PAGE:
[Molecular basis of the primary ciliary dyskinesias]

Rev Mal Respir. 2004 Jun;21(3 Pt 1):521-6. doi: 10.1016/s0761-8425(04)71356-x.
[Article in French]


Introduction: The primary ciliary dyskinesias (PCD) are rare diseases characterised by infection of the airways due to impaired muco-ciliary clearance. Half the patients have situs inversus making up Kartagener's syndrome.

State of the art: Primary cilia play a role in development. In the adult ciliated cells occur mainly in the airways and the genital tract. The axoneme, the internal structure of the cilia, is made up of a central pair of microtubules surrounded by peripheral doublets carrying the inner and outer dynein arms. These multiprotein complexes are composed of chains of dynein whose ATPase activity is the basis of ciliary movement. Structural and functional abnormalities of the respiratory ciliated cells are the cause of PCD, diseases that are heterogeneous at both the genetic and ultrastructural levels.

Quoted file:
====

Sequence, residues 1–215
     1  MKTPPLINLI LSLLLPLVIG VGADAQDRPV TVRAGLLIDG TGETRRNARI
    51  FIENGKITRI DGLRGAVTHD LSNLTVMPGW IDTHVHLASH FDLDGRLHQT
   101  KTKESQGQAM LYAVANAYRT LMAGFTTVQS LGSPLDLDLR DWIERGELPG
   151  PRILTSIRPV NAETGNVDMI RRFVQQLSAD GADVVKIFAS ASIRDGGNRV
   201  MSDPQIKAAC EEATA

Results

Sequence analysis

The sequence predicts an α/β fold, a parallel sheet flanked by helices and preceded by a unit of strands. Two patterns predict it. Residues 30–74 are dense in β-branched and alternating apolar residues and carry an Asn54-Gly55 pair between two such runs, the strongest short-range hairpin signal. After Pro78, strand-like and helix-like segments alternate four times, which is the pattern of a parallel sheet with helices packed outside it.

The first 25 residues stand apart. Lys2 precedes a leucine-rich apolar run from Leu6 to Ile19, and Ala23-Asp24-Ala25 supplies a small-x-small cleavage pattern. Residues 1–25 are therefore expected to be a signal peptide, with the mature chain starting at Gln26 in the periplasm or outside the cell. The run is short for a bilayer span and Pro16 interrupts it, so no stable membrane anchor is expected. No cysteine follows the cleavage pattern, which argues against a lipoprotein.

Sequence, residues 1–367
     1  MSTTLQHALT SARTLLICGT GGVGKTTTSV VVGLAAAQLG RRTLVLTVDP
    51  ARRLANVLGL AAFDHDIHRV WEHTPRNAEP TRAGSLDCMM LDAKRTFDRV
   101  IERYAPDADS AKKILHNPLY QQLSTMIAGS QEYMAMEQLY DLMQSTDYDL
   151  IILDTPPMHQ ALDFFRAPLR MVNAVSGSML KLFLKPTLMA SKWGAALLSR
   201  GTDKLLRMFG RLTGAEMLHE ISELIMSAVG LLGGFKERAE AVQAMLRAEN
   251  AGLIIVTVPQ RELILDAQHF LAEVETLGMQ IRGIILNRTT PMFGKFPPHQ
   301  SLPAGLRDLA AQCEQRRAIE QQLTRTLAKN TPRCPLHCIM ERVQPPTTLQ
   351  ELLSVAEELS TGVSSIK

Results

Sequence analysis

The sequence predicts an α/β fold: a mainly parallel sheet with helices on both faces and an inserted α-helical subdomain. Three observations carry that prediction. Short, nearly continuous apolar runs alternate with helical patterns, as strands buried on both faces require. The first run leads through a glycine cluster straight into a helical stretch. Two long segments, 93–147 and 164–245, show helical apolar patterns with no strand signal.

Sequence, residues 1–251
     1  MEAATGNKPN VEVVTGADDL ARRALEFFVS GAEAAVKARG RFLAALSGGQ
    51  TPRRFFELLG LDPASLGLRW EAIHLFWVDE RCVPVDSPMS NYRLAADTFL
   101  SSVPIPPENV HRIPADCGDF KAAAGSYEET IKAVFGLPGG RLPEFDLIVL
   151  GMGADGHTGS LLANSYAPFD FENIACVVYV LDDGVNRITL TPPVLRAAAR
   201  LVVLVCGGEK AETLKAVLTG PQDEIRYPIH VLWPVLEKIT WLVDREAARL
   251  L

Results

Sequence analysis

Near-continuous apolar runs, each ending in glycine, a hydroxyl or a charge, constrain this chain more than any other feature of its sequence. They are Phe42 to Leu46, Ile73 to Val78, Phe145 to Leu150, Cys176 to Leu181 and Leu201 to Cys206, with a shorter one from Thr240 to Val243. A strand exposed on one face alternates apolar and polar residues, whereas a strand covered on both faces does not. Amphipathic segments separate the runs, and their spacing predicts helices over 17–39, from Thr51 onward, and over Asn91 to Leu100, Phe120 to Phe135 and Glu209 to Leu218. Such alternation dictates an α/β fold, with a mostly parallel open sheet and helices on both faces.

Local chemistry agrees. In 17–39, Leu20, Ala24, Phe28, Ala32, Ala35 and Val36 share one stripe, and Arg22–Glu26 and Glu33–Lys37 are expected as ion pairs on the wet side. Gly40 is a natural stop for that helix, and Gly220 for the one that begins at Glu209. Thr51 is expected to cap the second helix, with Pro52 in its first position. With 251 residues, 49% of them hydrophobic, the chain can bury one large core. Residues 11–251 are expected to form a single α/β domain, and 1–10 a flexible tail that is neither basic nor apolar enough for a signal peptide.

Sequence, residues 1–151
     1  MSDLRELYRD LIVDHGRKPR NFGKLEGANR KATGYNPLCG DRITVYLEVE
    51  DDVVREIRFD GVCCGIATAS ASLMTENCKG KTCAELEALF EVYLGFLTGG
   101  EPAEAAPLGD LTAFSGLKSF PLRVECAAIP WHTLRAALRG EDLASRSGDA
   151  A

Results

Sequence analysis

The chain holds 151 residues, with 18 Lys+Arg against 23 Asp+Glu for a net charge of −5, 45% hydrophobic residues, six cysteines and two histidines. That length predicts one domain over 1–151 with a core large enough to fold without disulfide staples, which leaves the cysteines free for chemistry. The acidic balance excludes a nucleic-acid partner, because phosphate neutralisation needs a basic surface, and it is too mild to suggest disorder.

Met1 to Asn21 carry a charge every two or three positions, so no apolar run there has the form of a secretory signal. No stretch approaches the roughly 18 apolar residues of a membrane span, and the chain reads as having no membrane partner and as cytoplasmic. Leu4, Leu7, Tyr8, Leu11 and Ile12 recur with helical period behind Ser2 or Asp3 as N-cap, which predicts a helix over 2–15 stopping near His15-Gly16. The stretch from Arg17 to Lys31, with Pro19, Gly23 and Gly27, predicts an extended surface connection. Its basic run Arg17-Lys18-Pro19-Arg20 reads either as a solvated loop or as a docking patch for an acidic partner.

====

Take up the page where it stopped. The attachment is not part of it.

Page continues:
Perspectives: There are more than two hundred axonemal proteins. The synthesis and assembly of these proteins are controlled by transcription factors and intraflagellar transport molecules respectively. The genes that code for these proteins are as numerous as candidate genes for PCD.

Conclusions: To date only two dynein genes, DNA11 and DNAH5, have been implicated and only in individuals suffering from PCD with absence of outer dynein arms.

Publication types

  • English Abstract
  • Review

MeSH terms

  • Animals
  • Ciliary Motility Disorders* / genetics
  • Ciliary Motility Disorders* / physiopathology
  • Humans